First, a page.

Protesters raise their hands and make the peace sign after a string of nationwide police shootings of African-Americans and the slaying of police officers in Dallas during a 2016 candlelight vigil in Huntington Beach, Calif. (CNS photo/Eugene Garcia, EPA)

UNITED NATIONS (CNS) — Genuine intercultural and interreligious dialogue is based on personal, practical encounters that acknowledge and respect the deeply held beliefs of others, according to speakers at an Oct. 13 United Nations panel.

The permanent observer mission of the Holy See to the United Nations and the Catholic lay movement Communion and Liberation co-sponsored a lively two-hour exchange among diplomats, academics, religious leaders and representatives of nongovernmental organizations.

They addressed a complex topic: “The ‘other’ is a good for me: the role of interreligious and intercultural dialogue in addressing violence, conflict and building a lasting peace in the world today.”

Unprecedented global interconnectedness coexists with divisive conflicts of identity, culture, religion and politics, moderator Paulo Carozzo said. He is director of the Helen Kellogg Institute for International Studies at the University of Notre Dame in Indiana.

The international call for greater dialogue as a solution to crises in Syria, Iraq, Central African Republic, North Korea, Venezuela and other places “is countered by threats of increased force and even nuclear assault,” Carozzo said.

Archbishop Bernardito Auza, the Holy See’s permanent observer to the United Nations, said: “Dialogue is not just an exchange of words or ideas or position papers. It’s an exchange of persons who speak and think, and often differently.”

Some dialogues among persons of different faiths and cultures in the past 50 years have scarcely risen above the level of monologue, he said. “Genuine dialogue presupposes that each side wishes to know each other and desires to increase and deepen its knowledge of each other.”

Archbishop Auza said sincere interpersonal dialogue “must acknowledge with respect each interlocutor’s beliefs and the culture that flows from those beliefs. True dialogue happens in appreciation for each other’s intimate convictions.”

“Believers, in particular, can sometimes fail to appreciate the extraordinary virtue found in those of other religions, like the dedication to prayer, the sincerity of compassion and charity toward the unfortunate, the living by conscience even at the point of suffering, as well as the person’s humility, goodness, hospitality, courage and other good qualities,” he said.

For dialogue to foster the common good, “it must be driven by the conviction that the ‘other’ is “a good both in himself or herself, but also good for me and the world,” the archbishop said. “The other is not a threat … a competitor in an unending battle of survival of the fittest. The other is not an evil to be marginalized or eliminated. The other is an objective and subjective good.”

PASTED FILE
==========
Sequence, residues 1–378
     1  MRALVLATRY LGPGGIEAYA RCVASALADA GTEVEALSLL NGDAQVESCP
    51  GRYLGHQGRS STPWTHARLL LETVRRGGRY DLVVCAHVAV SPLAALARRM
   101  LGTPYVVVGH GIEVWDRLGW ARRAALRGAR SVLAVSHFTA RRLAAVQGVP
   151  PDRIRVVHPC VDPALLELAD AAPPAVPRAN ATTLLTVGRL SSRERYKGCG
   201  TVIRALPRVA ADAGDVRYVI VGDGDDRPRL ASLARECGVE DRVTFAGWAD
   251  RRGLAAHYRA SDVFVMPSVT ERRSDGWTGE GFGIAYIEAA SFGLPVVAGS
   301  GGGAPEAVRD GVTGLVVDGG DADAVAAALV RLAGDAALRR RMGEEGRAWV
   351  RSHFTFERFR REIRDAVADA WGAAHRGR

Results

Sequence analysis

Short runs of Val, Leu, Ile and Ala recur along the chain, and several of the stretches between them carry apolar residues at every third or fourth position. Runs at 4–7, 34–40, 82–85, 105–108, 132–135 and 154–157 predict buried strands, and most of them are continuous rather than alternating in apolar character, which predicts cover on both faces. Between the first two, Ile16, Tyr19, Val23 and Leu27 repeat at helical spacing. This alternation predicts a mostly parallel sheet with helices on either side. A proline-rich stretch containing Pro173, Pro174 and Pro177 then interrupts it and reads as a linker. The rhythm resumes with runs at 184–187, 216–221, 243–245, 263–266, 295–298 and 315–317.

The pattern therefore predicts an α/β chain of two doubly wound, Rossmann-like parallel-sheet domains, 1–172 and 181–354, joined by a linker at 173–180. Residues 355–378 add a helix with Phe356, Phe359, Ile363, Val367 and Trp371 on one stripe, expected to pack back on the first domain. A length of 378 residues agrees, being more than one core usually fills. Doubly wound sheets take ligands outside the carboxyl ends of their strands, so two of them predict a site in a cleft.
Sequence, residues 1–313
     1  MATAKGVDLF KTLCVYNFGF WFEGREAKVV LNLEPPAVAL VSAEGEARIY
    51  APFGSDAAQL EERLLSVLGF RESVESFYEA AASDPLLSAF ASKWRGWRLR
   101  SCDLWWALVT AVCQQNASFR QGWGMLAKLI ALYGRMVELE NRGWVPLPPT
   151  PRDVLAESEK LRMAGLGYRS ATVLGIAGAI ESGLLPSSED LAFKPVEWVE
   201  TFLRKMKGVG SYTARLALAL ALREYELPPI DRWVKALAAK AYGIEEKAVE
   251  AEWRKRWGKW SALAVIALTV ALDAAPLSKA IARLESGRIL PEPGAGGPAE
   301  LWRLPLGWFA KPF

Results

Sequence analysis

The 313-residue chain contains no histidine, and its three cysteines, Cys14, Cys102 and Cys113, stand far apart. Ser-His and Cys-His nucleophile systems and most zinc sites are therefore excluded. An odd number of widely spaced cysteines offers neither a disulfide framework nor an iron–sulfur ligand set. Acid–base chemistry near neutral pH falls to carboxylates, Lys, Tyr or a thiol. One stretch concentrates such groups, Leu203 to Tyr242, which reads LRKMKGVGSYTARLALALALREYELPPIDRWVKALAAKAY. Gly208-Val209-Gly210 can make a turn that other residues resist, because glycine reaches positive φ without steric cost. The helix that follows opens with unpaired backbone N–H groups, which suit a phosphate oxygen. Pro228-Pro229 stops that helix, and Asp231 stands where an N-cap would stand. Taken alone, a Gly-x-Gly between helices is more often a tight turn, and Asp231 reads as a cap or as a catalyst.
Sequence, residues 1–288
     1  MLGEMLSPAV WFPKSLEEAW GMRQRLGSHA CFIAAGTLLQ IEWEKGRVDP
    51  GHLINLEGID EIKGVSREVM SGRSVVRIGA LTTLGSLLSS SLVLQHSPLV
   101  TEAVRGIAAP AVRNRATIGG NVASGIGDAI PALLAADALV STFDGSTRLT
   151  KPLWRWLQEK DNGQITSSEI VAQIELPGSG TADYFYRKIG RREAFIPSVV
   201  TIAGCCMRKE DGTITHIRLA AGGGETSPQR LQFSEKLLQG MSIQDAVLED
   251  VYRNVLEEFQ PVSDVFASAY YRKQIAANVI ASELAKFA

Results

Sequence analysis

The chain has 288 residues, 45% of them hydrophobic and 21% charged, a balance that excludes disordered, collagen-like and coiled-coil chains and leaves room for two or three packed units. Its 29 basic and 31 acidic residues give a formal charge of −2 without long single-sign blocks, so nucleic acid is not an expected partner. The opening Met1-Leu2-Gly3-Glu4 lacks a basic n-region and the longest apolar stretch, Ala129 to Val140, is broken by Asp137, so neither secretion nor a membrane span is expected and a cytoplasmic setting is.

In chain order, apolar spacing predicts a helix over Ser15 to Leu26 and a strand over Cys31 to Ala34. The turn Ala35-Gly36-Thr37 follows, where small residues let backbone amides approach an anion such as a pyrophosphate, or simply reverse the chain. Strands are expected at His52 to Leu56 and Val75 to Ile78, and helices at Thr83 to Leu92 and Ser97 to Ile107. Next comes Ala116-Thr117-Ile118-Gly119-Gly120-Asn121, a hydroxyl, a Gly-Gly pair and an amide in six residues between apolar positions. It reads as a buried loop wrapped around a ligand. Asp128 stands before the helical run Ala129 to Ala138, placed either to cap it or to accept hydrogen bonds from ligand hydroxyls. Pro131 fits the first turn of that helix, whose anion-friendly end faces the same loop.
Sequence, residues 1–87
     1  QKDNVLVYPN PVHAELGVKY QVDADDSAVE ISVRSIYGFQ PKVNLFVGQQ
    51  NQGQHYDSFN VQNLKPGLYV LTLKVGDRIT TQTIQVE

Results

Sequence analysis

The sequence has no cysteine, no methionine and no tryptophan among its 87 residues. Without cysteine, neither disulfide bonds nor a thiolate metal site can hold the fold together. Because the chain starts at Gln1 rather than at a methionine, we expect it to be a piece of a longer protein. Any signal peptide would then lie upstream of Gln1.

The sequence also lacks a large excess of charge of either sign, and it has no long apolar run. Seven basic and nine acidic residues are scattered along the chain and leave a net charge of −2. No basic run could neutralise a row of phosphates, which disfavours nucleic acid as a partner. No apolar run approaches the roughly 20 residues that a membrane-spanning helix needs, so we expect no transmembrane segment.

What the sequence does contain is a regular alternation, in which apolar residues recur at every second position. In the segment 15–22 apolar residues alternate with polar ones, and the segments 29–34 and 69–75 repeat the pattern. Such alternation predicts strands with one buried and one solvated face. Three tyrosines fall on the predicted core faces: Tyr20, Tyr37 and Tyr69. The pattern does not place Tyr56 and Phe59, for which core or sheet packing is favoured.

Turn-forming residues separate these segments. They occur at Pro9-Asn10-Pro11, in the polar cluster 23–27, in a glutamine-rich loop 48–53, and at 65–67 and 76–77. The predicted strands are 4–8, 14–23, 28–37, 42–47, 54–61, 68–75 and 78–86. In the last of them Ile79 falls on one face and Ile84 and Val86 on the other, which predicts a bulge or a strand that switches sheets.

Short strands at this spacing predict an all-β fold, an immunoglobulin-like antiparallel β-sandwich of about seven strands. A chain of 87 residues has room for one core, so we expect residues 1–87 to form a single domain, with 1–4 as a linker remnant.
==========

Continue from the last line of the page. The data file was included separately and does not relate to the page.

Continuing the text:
Father Julian Carron, a priest from Spain who is president of Communion and Liberation, a Catholic lay movement, said that for dialogue to be effective, it “dialogue must be more than tolerance of another’s views.”

“Dialogue must be a place where we encounter the other and where our personal experience is perceived as a good, as something necessary for each of us to better understand ourselves and the problems we face together,” he said.

Amitai Etzioni, director of the Institute for Communitarian Policy Studies at George Washington University, said “moral wrestling” helps flawed beings discover and express their nobler side.

“Moral wrestling is a lifelong pursuit, not a one-time event,” he said.

Etzioni said dialogues that incorporate a shared moral understanding, such as global stewardship of the earth, are not always implemented, but they establish a norm for conversation and acceptable behavior.

Ambassador Teodoro Locsin Jr. of the Philippines said interreligious dialogue assumes the authenticity of the participants. “Religion offers shape and direction to human life, it does not confuse or dehumanize,” he said.

Locsin said every great religion starts with the encounter between a person and “whatever he thinks is out there or inside him.”

Those who find a religious answer should regard their fellow man of the same or another faith or none at all “as one like himself: a person filled with a fearful wonder whom he must treat as he would himself.”

Friendship is the fastest way for everyone to appreciate the likeness of the human condition, he said.

Ambassador Ina H. Krisnamurthi, deputy permanent representative of Indonesia, said religion can be used to justify or exacerbate conflicts. Yet, people who have direct experience of how interfaith and intercultural dialogue works in their daily lives can help stop the spread of negative forces, she said.

“Practical and on-the-ground actions help to renew people’s spirit and faith to take action and counter the negative forces that affect them,” she said.

The topic for the event was based on a subtitle of Father Carron’s recent book, “Disarming Beauty.”

The priest was in New York as part of an Oct. 9-15 tour of the United States. The tour began at the University of Notre Dame, and included stops in Denver, Houston, Montreal and the U.N. headquarters.

His final talk was Oct. 15 at Jesuit-run Georgetown University in Washington, where he was on a panel with Archbishop Christophe Pierre, the apostolic nuncio to the United States. Moderated by John Carr, director of the Initiative on Catholic Social Thought and Public Life at Georgetown, the discussion focused on the life and contribution of the Catholic Church in the time of Pope Francis.